Hidden password cracking with Smbexec

We write regularly about how hackers often rely on non-malicious hacking techniques to avoid detection. They literally “Survive on the grazing”using standard Windows tools, thereby bypassing antiviruses and other utilities for detecting malicious activity. As defenders, we now have to deal with the dire consequences of such clever hacking techniques: a well-placed employee can use the same approach to stealthily steal data (company intellectual property, credit card numbers). And if he takes his time, and works slowly and unnoticed, it will be extremely difficult – but still possible, if you apply the right approach and appropriate instruments, – to reveal such activity.

On the other hand, I would not want to demonize employees, since no one wants to work in a business environment straight from Orwell’s 1984. Fortunately, there are a number of practical steps and life hacks that can make life a lot harder for insiders. We’ll consider stealthy attack methodsused by hackers by employees with some technical background. And a little further we will discuss options for reducing such risks – we will study both the technical and organizational options for action.

What’s wrong with PsExec?

Edward Snowden, rightly or not, has become synonymous with insider data theft. By the way, don’t forget to take a look at this note other insiders who also deserve some fame status. One important point about the methods used by Snowden is worth emphasizing – as far as we know, he did not install no external malicious software!

Instead, Snowden used a bit of social engineering and used his job as a system administrator to collect passwords and create credentials. Nothing complicated – no mimikatz, attacks man-in-the-middle or metasploit

Organizations may not always be in Snowden’s unique position, but there are a number of lessons to be aware of from the concept of “grazing” – not to perform any harmful actions that can be detected, and be especially careful about using credentials. Remember this thought.

Psexec and his cousin crackmapexec impressed countless penetration testers, hackers and information security bloggers. And when combined with mimikatz, psexec allows attackers to navigate within the network without having to know the clear text password.

Mimikatz intercepts the NTLM hash from the LSASS process, and then passes the token or credentials – the so-called. “Pass the hash” attack – in psexec, allowing an attacker to log into another server on behalf of another user. And with each subsequent move to a new server, the attacker collects additional credentials, expanding the range of his capabilities in finding available content.
When I first started working with psexec, it just seemed magical to me – thanks Mark Russinovich, to the ingenious developer psexec – but I also know about his noisy components. He’s never secretive!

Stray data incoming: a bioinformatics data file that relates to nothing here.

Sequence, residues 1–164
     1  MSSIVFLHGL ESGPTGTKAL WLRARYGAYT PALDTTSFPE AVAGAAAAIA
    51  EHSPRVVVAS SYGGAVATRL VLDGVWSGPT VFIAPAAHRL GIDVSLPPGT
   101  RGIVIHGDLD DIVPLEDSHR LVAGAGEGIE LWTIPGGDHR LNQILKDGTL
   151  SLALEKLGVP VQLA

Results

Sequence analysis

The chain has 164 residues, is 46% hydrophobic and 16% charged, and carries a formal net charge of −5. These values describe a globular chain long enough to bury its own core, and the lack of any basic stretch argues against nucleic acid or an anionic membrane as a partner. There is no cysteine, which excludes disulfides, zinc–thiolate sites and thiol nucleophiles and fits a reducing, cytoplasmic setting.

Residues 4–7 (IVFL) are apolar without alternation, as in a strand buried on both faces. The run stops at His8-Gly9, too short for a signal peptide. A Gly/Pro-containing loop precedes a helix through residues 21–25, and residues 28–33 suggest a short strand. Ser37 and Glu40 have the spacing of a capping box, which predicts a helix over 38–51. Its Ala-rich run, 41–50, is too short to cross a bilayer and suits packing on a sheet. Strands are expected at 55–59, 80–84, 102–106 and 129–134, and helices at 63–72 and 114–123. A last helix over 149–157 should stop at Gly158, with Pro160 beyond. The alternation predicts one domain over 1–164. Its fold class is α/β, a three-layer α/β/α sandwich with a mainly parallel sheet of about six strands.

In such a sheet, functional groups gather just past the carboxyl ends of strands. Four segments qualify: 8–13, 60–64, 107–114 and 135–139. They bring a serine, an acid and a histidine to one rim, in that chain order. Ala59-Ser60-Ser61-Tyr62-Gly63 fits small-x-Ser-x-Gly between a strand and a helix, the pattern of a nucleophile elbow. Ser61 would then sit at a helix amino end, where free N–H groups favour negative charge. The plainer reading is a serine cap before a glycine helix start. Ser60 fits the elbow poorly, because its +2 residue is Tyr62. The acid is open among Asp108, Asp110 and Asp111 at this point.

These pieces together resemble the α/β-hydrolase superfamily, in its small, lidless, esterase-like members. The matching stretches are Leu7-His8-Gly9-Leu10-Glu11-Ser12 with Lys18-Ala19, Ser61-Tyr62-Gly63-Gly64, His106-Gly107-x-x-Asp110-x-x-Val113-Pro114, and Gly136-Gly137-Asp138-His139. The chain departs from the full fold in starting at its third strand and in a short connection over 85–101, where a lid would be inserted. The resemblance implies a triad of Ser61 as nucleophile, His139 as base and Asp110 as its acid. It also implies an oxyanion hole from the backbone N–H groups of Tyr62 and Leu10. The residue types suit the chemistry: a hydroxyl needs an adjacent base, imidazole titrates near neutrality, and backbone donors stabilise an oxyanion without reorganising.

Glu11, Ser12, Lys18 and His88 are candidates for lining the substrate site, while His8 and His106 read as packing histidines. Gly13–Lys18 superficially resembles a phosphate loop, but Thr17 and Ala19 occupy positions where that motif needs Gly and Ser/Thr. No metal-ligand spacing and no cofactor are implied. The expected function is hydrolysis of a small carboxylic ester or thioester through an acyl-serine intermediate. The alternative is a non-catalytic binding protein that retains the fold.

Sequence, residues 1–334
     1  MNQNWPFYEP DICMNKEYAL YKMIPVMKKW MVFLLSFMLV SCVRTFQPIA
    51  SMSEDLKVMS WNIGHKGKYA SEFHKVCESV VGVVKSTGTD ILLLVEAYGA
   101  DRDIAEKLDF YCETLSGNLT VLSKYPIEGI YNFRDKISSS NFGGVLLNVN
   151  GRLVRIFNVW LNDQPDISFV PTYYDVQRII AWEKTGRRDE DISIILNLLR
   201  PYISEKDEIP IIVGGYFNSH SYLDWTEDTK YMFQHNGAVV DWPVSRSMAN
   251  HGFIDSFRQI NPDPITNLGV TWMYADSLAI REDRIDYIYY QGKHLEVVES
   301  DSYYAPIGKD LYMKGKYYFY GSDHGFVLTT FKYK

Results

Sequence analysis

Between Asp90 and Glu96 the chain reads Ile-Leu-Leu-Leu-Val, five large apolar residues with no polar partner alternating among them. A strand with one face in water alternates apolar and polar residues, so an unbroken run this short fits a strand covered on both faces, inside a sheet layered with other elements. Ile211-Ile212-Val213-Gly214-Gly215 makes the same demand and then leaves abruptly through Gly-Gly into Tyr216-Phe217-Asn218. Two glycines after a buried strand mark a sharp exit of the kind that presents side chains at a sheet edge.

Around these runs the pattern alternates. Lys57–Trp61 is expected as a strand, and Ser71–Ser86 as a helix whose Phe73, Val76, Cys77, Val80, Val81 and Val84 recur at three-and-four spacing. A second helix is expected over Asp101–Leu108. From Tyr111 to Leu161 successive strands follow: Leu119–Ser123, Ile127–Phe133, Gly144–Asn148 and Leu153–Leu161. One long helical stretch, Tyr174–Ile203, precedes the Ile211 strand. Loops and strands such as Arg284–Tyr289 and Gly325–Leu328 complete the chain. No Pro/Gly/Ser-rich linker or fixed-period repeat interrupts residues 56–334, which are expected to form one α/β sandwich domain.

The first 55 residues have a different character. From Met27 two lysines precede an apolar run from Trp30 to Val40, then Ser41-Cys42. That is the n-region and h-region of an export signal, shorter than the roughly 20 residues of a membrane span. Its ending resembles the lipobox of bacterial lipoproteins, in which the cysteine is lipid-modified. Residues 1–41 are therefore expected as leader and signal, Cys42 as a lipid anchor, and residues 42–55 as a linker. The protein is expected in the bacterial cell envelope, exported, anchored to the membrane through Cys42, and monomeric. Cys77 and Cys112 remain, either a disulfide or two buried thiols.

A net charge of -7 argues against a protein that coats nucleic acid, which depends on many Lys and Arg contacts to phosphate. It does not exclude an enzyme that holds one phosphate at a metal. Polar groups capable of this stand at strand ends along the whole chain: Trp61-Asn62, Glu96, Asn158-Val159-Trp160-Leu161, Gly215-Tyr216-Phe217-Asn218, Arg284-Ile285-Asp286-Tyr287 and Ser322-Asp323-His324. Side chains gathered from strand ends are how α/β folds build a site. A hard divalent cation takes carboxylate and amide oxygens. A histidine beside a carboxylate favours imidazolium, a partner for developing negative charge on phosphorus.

The first interesting fact about psexec is that it uses an extremely complex network file protocol SMB from Microsoft. Psexec uses SMB to send small binary files to the target system by placing them in the C: Windows folder.
Next, psexec creates a Windows service using the copied binary and runs it under the extremely “unexpected” name PSEXECSVC. At the same time, you can actually see all this, as I did, watching the remote machine (see below).

Psexec business card: “PSEXECSVC” service. It launches a binary file that was placed over SMB in the C: Windows folder.

As a final step, the copied binary opens RPC connection to the target server and then accepts control commands (by default – through the Windows cmd shell), launching them and redirecting input and output to the attacker’s home machine. In this case, the attacker sees the basic command line – the same as if he was connected directly.
Lots of components and a very noisy process!
Psexec’s sophisticated internal process explains the message that puzzled me during my first tests a few years ago: “Starting PSEXECSVC …” followed by a pause before the command line appears.

Psexec from Impacket really shows what’s going on under the hood.

No wonder: psexec did a lot of work under the hood. If you are interested in a more detailed explanation, check out here. this wonderful description.
Obviously, when used as a system administration tool, which was original purpose psexec, there is nothing wrong with the buzzing of all these Windows mechanisms. For an attacker, however, psexec would create complications, and for a cautious and cunning insider like Snowden, psexec or a similar utility would be too much of a risk.

And then comes Smbexec

SMB is a clever and stealthy way of transferring files between servers, and hackers have infiltrated SMB directly for centuries. I guess everyone already knows that it’s not worth it open SMB ports 445 and 139 to the internet, right?

In 2013 at Defcon Eric Milman (brav0hax) introduced smbexecso that pentesters can try out stealthy SMB hacking. I don’t know the whole story, but then Impacket refined smbexec further. In fact, for my testing, I downloaded the scripts from Impacket in python with Github